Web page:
Then the two statements are equal. I was being rather exhaustive, because, every time I tried to do it in the "two lines" that my professor stated, I ended up mixing up the indices all too quickly.

vela
Staff Emeritus
Homework Helper
The indices for the positive terms would be p,12, p,23, p,31, and the negative terms would be p,21, p,32, p,13 Thus, because the operators commute, then the whole term would be zero. I think I understand it now. Is that what you mean? Or, is there a simpler way for me to understand this that doesn't mean writing it out? I've been doing this for weeks. I can't see why I didn't see that. I apologize.
Yeah, that's the idea. In general, the product of an antisymmetric object and a symmetric object is 0.

Last edited:
There is another tensor identity that I am trying to solve, but, before even going into indicial notation, I see a problem.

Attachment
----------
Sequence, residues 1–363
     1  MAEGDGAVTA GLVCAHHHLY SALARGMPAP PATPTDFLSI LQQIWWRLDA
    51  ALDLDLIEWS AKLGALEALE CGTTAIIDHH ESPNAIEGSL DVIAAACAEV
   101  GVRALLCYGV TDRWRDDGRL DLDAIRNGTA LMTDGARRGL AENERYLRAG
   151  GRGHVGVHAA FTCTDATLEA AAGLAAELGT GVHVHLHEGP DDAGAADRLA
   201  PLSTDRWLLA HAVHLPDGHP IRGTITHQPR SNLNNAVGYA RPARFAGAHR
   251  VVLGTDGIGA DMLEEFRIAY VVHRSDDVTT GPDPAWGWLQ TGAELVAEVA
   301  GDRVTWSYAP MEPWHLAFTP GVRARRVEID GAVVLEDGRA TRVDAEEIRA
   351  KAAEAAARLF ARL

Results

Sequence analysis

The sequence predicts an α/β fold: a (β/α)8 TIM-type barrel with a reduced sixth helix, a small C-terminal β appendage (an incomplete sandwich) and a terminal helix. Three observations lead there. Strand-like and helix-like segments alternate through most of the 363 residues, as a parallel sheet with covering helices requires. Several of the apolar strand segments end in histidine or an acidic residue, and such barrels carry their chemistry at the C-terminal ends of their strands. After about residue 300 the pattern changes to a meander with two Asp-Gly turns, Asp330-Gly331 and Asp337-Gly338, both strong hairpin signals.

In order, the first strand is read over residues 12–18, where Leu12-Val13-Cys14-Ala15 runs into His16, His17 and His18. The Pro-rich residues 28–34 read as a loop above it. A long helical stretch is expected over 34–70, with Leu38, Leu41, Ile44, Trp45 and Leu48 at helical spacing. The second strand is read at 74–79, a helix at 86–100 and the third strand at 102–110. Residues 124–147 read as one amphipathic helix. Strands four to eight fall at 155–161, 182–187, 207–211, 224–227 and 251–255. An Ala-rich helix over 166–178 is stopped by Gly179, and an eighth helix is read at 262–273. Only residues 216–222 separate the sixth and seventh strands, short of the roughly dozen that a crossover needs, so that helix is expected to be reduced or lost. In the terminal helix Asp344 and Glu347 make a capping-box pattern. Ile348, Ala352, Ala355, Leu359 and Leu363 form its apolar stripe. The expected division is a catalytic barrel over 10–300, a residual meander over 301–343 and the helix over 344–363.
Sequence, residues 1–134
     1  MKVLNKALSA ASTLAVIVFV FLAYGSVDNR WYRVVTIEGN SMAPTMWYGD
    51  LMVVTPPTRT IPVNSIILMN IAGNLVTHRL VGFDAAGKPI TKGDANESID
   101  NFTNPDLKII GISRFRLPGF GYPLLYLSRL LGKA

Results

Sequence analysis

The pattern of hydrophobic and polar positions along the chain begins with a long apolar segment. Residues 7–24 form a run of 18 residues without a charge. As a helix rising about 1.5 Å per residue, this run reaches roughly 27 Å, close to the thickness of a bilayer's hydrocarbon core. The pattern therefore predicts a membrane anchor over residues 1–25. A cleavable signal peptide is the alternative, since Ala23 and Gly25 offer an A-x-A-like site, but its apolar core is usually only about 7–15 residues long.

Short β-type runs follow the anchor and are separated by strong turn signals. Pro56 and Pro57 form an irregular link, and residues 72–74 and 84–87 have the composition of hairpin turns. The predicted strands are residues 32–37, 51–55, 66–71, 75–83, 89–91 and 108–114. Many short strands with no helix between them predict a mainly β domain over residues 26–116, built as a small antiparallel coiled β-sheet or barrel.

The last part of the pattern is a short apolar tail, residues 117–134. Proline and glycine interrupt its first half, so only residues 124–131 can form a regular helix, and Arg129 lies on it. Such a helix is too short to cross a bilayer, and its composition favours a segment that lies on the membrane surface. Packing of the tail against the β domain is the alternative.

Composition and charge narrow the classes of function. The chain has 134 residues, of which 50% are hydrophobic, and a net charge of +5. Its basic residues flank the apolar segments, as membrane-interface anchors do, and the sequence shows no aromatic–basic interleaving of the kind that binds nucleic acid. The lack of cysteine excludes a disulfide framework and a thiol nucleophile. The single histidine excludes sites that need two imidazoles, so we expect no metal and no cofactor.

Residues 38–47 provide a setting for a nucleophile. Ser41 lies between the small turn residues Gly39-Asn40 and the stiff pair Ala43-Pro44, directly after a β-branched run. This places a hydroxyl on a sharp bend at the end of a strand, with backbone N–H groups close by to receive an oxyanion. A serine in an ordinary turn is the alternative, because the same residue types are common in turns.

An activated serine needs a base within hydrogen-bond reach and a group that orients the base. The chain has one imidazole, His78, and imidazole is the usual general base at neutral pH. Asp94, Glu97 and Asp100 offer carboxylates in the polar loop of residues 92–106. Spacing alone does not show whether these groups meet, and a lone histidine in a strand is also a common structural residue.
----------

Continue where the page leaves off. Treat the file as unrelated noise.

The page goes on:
The identity is as follows, given ##\textbf{T}## is a tensor and ##\vec{v}## is a vector:

##\nabla\cdot(\textbf{T}^\top\vec{v})=\vec{v}\cdot(\nabla\textbf{T})+ \textbf{T} \cdot \nabla \vec{v}##

The first term (all of LHS) is the divergence of a tensor * a vector, so it's the divergence of a vector, making it a scalar.

The first term on the RHS is the divergence of a tensor, which is a vector, then another divergence, which is a scalar, great. That's consistent.

The second term on the RHS is confusing me. I am not sure what the order of operations should be. If I take the gradient of a vector, I end up with a 2nd order tensor. The divergence of a second order tensor is a vector.

So, LHS is a scalar, and RHS is a scalar + a vector. I am wrong somewhere.

It turns out that the in-class notation assumes that a single dot product is a double dot product between two tensors, so ##\textbf{T}\cdot\textbf{T}=T_{ij}T_{ij}## so that answers the question I had.